Page  00000287 On timbre stamps and other frequency-domain filters Miller Puckette University of California, San Diego msp @ucsd.edu bly complex-valued, and compute short-time spectra Abstract FFT-based filters find wide use in both live and 'tape' electronic music. Here an attempt is made to develop straightforward guidelines for choosing parameters such as window size and overlap in order to obtain desired time andfrequency resolution and minimize artifacts. As an application, filters derived from other sound sources ("FFT vocoders" or "timbre stamps") are discussed in detail. 1 Introduction On the frequent occasions when one reaches for one or another sort of filter, one can choose either a time-domain "classical" filter or an FFT-based one. Typically, time-domain ones can achieve very sharp frequency definition and low time latency, and are often cheaper to implement than FFT-based ones. But FFT-based ones have other graces such as explicit phase control and greater ease of varying the filter characteristics in time. Furthermore, certain applications lend themselves naturally to FFT filtering: for example, frequencyband-variable spatialization (Torchia and Lippe 2003) or delay (Kim-Boyle 2004), or "vocoders" or "timbre stamps" in which the spectrum of one sound is used to derive a filter for another (Settel and Lippe 1998) (Puckette 2007). Here we will consider some issues that arise in FFT-based filtering, particularly for timbre stamping. The following section sets a framework and defines parameters used. Next, we consider whether, and when, FFT filtering really works correctly with arbitrary time-varying filter gains. In Sections 5 and 6 we turn our attention to the the timbre stamping algorithm. Several possible variations are developed. All of them boil down to computations of various time-varying FFT channel gains, thus fitting into the framework developed and analyzed in Sections 1 through 4. 2 Setup Using variable names and conventions as in (Puckette 2007), the filters under discussion take an input signal X [n], possi S[m, k] = FT{fwa[n]X[n + mH]} (1) N-1 S e-27ink/N wa[n]rX [n + mH] n= O where N is the window size, H is a hop size, i2 - -1, k is the frequency in bins, m is the frame number, and Wa [n] is the analysis windowing function. In general the spectra S[m, k] are complex valued. We will use "linear-phase" filters in which we multiply the spectra by real-valued gains g [m, k], which may depend both on frequency k and frame number m. (For a non-timevarying filter there is no m dependence so that we may write the gain as g[k].) The output is then computed by windowing and overlapadding the inverse Fourier transform: Y [n] 1w,[n-mH] (,FE-~{g[m, k]S[m, k]}) [nr-mH] m (2) Here FT-1 denotes the inverse of the discrete Fourier transform FT and w, [n] is a resynthesis windowing function. It is reasonable to ask that the signal X [n] be correctly reconstructed when the filter gains are all 1, which implies: waL[n - mH]ws[n - mH] = 1 m (3) for all n (tacitly putting Wa = ws = 0 outside the window). A possible choice for the analysis and resynthesis window function is the Hann window: 1 h[n] -- 2(1 - cos(27n/N)) 2 (4) We will also consider the "squeezed" version: h((1 -p) N + )0 < (1 -p) N +pri< N 0 2otherwise (5) where 0 < p < 1. This is just the Hann window function rescaled to occupy a segment of length pN in the middle of 287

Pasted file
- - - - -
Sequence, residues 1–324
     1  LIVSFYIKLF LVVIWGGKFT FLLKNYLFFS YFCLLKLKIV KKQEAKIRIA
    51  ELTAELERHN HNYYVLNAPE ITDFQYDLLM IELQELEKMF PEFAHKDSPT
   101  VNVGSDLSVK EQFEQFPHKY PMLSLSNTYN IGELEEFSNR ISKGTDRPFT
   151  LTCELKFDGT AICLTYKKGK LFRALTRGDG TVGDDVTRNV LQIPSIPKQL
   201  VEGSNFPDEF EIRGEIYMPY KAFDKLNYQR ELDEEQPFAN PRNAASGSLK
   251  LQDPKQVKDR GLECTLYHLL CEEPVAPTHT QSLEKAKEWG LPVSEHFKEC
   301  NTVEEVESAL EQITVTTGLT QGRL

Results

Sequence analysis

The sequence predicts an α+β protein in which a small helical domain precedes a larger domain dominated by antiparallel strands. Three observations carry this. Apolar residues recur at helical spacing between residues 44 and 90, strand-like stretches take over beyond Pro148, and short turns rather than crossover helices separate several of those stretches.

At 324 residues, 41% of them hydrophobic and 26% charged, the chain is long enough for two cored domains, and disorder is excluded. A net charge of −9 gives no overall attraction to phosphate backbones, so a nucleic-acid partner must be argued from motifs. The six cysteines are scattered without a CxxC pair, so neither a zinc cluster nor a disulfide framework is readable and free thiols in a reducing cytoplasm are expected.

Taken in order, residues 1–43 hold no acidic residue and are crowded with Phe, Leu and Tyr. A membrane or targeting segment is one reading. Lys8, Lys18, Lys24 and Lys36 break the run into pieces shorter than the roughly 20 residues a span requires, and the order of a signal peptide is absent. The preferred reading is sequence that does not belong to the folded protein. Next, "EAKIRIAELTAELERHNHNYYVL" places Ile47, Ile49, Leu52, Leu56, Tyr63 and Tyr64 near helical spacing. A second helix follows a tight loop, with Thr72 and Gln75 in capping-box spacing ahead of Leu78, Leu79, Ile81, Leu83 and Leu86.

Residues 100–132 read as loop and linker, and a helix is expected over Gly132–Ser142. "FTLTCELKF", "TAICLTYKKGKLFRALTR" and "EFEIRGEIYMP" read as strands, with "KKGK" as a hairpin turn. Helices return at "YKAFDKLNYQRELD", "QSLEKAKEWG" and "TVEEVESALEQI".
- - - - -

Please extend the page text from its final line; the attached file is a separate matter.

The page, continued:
Page  00000288 the window 0,.., N - 1, and zero padded elsewhere. The Fourier transform is Hp =~FTf{ hp n]I} (6) e- ik {Nsinc(k) + SinC( k + ) +-NSinc( 1)} f2 P 4 P 4 P where sinc(k) sin(k)/k and sinc(O) 1. (The phase term comes in because the window function is centered at n = N/2 but the Fourier analysis phase is zero at n = 0). The "main lobe" of Hp extends over -2/p < k < 2/p for a total bandwidth of 4/p. The filter is completely specified by the gains g, the window size N, the analysis and resynthesis window functions (including "squeeze factors" p), and the overlap, defined as N/H. 3 Simplest low-pass filter Our analysis will loosely follow that given in (Allen 1977) and appendix B of (Laroche and Dolson 1999). Assuming the filter is time-invariant (i.e., the gain g does not depend on the frame number m), we can predict its behavior from that of the low-pass filter with g [0] 1 and g [k] 0 for k: 0. This is possible because, first, the filter's output is a linear function of g, and second, passing a signal through a filter admitting only the kth bin gives the same results as for the zeroth bin, except with a frequency shift. Suppose we introduce the sinusoid X [n] Z"h with angular frequency wo and whose frequency in bins is ko 27wwo/N. The Fourier transform at DC is S[m, 0] = ZN/2+mHe-ikoW(ko) (7) Here the first phase term is that of the incoming signal at the middle of the mth analysis window; the rest is the Fouriertransformed window function evaluated at the point -ko. We now take the inverse FT and overlap-add using the resynthesis window function. Viewed in the time domain, this convolves the resynthesis window function with the signal: ZN/2, 0,.0.. 0, ZN/2+H, 0.... 10, ZN/2+2HI (8) H-1 times H-1 times This pulse train contains the bin frequencies:.,ko -N/H, ko, ko +N/H,... (9) and the result of convolving it with the resynthesis windowing function is to apply a low-pass filter with transfer function W5. For the "correct" result we should filter out all but the ko0 term; this works provided N/H > |ko I+ Cs where cs is the cutoff frequency of the windowing function. Given that we do not wish to have to control the range of frequencies in the incoming signal, the only factor that controls the magnitude of ko is the bandwidth of the analysis window function (call it ca). Then the condition for not aliasing is: N Ca + C8 s (10) If we are using Hann windows with squeeze factors pa and ps, we get: 2 2 Pa psH (11) For an overlap of four, we barely get away with it at pa, p, 1; no squeezing is allowed. The signal is attenuated at the analysis stage by Wa (ko), and again at the resynthesis stage by W, (ko), so the frequency response is the product of the magnitudes of the two. If we use Hann windows with no squeezing, we get 12 dB reduction at ko 1 and 2.84 at ko 0.5; so the bandwidth can reasonably be stated as one bin. But if, for example, we wish to place a filter at a center frequency of k 0.5, we have to superpose filters at k 0 and k 1. The gain then only falls off 1.9 dB one half bin off peak and 5.7 dB one bin off (at k 1.5, e.g.). If desired, the uniformity of bandwidth can be improved by zero-padding the Fourier transforms, effectively doubling N and using squeeze factors of 0.5 so that the filter may be expressed at a resolution of 1/2 bin instead of 1. 4 Time-varying filters The low-pass filter (from which we may understand the behavior of any other filter) may be made time-varying by specifying that the gain g [IM, k] be zero except when k 0, but varying with m. Since the filter output is a linear function of the gain g, it suffices to know the behavior of a sinusoidally varying filter: g[m, k] { 2-FimHkfI/N 0 k 0 otherwise (12) This oscillates at the frequency kf in bins. (The factor mH appears because the mth frame starts at sample mH.) Everything goes as before and out come the frequencies:.. ko + kf - N/H, ko + kf, ko + kf + N/H,... (13) For the result not to alias, we must limit the frequency kf so that N |kf -H (14) Using Hann windows with an overlap of four does not allow any time variation bandwidth at all, the Convolution Brothers' well-known practices notwithstanding. 288